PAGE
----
2. Keep a stocked pantry. If my plans have fallen through, I almost always have enough in the pantry and freezer to throw something together. The ingredients for chili, pasta carbonara, tomato soup, taco pizza, and spaghetti are almost always on hand.
  3. Double recipes. I always strive to have leftovers. If I cook some chicken teriyaki with vegetables and rice one night, I make extra chicken so we can have chicken teriyaki subs another night. When I roast broccoli, I make two pans instead of one so tomorrow’s side dish is already done. If nothing else, freeze the extra so all you need to do on a busy night is reach in the fridge.
  4. Make it a team effort. Have the kids do some age-appropriate work. Mine started by putting silverware and condiments on the table. Now, they are up to chopping vegetables, browning the meat, and even following an entire recipe.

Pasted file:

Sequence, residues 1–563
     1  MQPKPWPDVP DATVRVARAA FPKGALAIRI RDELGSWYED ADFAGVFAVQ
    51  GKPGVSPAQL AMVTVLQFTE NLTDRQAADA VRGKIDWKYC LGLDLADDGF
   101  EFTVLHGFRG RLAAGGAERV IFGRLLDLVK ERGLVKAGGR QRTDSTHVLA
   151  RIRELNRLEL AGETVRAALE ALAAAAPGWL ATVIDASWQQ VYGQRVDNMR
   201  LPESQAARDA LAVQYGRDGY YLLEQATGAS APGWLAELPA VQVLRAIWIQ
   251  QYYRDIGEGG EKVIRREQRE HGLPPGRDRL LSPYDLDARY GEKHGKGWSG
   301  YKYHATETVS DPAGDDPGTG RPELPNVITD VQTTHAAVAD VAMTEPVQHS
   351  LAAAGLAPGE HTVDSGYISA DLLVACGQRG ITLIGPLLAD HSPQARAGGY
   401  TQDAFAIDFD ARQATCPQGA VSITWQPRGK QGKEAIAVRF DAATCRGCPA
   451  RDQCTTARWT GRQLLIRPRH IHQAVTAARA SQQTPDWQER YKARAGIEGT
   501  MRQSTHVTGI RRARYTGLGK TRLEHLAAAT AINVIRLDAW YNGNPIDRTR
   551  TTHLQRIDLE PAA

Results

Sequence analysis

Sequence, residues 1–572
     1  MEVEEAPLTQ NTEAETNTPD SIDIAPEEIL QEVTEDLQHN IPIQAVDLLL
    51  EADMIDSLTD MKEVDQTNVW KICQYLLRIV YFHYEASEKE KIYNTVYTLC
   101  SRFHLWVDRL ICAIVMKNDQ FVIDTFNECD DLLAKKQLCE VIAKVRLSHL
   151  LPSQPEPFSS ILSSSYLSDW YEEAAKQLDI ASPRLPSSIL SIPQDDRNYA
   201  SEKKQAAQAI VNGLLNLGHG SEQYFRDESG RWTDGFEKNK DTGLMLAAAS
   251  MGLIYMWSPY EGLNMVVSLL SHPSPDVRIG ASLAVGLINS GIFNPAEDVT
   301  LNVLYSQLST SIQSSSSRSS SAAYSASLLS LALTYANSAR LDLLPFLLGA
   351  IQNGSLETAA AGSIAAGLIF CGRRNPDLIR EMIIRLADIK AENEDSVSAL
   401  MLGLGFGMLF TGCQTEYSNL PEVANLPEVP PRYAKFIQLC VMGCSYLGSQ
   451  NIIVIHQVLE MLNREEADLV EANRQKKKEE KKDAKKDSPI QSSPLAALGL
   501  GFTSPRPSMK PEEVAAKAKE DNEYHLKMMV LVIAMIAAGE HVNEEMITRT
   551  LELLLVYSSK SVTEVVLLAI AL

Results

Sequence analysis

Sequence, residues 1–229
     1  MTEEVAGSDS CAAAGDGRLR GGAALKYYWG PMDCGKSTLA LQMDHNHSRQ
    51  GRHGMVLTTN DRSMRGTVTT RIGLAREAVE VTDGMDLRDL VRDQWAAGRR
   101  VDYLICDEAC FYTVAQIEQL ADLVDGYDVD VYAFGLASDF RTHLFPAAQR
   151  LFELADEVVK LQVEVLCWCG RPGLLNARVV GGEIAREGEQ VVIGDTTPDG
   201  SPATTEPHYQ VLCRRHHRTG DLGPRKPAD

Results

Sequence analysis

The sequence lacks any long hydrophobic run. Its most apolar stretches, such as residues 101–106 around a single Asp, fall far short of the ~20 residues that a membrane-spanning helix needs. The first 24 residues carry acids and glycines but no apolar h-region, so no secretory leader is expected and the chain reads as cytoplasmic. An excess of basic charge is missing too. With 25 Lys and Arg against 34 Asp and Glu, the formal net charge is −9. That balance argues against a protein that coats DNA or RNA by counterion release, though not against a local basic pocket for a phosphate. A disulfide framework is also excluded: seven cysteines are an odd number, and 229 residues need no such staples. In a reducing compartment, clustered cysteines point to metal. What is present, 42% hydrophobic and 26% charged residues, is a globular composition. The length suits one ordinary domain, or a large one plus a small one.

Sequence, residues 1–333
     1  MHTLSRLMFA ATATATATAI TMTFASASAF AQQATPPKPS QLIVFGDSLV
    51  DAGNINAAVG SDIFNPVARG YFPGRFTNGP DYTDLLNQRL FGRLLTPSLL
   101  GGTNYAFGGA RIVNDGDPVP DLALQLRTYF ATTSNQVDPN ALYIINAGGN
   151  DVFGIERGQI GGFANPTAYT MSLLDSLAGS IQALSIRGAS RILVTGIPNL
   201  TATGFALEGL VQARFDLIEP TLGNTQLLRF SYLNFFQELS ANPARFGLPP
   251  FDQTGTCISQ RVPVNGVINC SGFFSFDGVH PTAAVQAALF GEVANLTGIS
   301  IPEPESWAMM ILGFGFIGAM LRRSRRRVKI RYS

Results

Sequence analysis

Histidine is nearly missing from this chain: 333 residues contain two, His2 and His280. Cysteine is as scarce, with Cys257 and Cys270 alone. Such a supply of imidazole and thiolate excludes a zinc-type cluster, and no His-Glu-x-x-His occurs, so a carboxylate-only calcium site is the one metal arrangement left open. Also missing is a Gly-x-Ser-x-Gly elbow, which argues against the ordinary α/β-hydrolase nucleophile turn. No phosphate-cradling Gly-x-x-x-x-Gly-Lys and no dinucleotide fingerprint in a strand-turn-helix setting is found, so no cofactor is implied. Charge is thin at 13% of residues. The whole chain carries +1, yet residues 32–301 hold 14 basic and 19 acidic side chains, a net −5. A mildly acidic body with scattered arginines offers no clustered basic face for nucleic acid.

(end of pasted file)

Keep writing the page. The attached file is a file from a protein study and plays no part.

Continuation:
After figuring out the logistics, it’s important to have a vision of how you want your time together to be. There’s no better way to ruin a lovely dinner than a kid barfing up part of the meal you just spent two hours preparing because he HATES the peppers/zucchini/olives/whatever disgusting thing you put in there. (HOW COULD YOU?) There are, of course, several other perfectly sufficient ways to ruin dinner as well, so I have made a few simple rules for our family that keeps everything sane. No, I’m not going for magical or Pinterest-worthy. Just sane, do-able, frequent, and pleasant. I want dinner to be a ritual that everyone in our family finds, at the very least, consistent, calm, and comforting amidst our crazy lives.

Tips to Make Family Dinner Meaningful